“The method he adopted in building the bridge was as follows. He took a pair of piles a foot and a half thick, slightly pointed at the lower ends and of a length adapted to the varying depth of the river, and fastened them together two feet apart. These he lowered into the river with appropriate tackle, placed them in position at right angles to the bank, and drove them home with pile-drivers, not vertically, as piles are generally fixed, but obliquely, inclined in the direction of the current. Opposite these, forty feet lower down the river, another pair of piles was planted, similarly fixed together, and inclined in the opposite direction to the current. The two pairs were then joined by a beam two feet wide, whose ends fitted exactly into the spaces between the two piles forming each pair. The upper pair was kept at the right distance from the lower pair by means of iron braces, one of which was used to fasten each pile to the end of the beam. The pairs of piles being thus held apart, and each pair individually strengthened by a diagonal tie between the two piles, the whole structure was so rigid, that, in accordance with the laws of physics, the greater the force of the current, the more tightly were the piles held in position. A series of these piles and transverse beams was carried right across the stream and connected by lengths of timber running in the direction of the bridge; on these were laid poles and bundles of sticks. In spite of the strength of the structure, additional piles were fixed obliquely to each pair of the original piles along the whole length of the downstream side of the bridge, holding them up like a buttress and opposing the force of the current. Others were fixed also a little above the bridge, so that if the natives tried to demolish it by floating down tree-trunks or beams, these buffers would break the force of the impact and preserve the bridge from injury.”
― Gaius Julius Caesar, quote from The Conquest of Gaul

“Gallic walls are always built more or less on the following plan. Balks of timber are laid on the ground at regular intervals of two feet along the whole line on which the wall is to be built, at right angles to it. These are made fast to one another by long beams running across them at their centre points, and are covered with a quantity of rubble; and the two-foot intervals between them are faced with large stones fitted tightly in. When this first course has been placed in position and fastened together, another course is laid on top. The same interval of two feet is kept between the balks of the second course, but they are not in contact with those of the first course, being separated from them by a course of stones two feet high; thus every balk is separated from each of its neighbours by one large stone, and so held firmly in position. By the addition of further courses the fabric is raised to the required height. This style of building presents a diversified appearance that is not unsightly, with its alternation of balks and stones each preserving their own straight lines. It is also very serviceable and well adapted for defending a town: the masonry protects it from fire, the timber from destruction by the battering-ram, which cannot either pierce or knock to pieces a structure braced internally by beams running generally to a length of forty feet in one piece.”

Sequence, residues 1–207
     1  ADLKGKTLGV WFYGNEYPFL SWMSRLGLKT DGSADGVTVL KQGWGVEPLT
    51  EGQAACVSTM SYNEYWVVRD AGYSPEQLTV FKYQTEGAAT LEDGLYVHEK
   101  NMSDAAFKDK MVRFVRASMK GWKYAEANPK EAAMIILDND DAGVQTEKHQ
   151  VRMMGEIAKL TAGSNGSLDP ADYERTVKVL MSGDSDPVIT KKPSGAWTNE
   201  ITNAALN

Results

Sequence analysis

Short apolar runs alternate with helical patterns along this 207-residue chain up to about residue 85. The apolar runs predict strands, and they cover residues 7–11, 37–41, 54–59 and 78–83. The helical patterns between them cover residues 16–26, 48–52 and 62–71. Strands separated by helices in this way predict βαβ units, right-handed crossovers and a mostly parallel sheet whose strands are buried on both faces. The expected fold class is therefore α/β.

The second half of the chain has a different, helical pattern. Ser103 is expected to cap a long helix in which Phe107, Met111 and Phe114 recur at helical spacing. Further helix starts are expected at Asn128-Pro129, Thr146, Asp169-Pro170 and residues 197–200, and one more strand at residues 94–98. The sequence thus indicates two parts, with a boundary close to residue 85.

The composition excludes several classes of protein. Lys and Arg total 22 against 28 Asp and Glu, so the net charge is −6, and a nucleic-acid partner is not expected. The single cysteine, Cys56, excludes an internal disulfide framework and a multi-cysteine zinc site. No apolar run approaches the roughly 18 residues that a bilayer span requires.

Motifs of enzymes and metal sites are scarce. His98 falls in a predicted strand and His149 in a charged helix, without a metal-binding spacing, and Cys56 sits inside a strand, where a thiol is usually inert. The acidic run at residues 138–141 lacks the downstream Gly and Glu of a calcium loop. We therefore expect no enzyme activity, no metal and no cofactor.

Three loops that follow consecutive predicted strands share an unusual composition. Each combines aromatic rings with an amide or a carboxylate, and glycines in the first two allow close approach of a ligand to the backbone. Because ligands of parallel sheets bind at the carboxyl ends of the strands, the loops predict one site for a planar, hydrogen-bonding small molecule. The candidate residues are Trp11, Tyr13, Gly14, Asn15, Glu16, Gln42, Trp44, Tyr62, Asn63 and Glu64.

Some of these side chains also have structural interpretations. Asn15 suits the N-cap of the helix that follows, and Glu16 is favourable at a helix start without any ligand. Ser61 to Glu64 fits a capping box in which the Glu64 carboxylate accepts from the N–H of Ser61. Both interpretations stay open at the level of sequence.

― Gaius Julius Caesar, quote from The Conquest of Gaul

“Brutus, a young man, over the fleet and those Gallic vessels which he had ordered to be furnished by the Pictones and the Santoni, and the other provinces which remained at peace; and commands him to proceed towards the Veneti, as soon as he could. He himself hastens thither with the land forces.”
― Gaius Julius Caesar, quote from The Conquest of Gaul

“for in history there is nothing more pleasing than clear and brilliant brevity.”
― Gaius Julius Caesar, quote from The Conquest of Gaul

“the Gauls must all do the same thing that the Helvetii had done, [viz.] emigrate from their country, and seek another dwelling place, other settlements remote from the Germans, and try whatever fortune may fall to their lot.”
― Gaius Julius Caesar, quote from The Conquest of Gaul

“Ariovistus did not come to an engagement, he discovered this to be the reason--that among the Germans it was the custom for their matrons to pronounce from lots and divination whether it were expedient that the battle should be engaged in or not; that they had said, "that it was not the will of heaven that the Germans should conquer, if they engaged in battle before the new moon.”
― Gaius Julius Caesar, quote from The Conquest of Gaul

“... nam quae volumus ea credimus libenter et quae sentimus ipsi reliquos sentire speramus...
... perchè crediamo volentieri ciò che desideriamo e speriamo che gli altri provino ciò che noi stessi proviamo...”
― Gaius Julius Caesar, quote from The Conquest of Gaul

About the author

Gaius Julius Caesar
Born place: in Rome, Italy
Born date July 19, 0017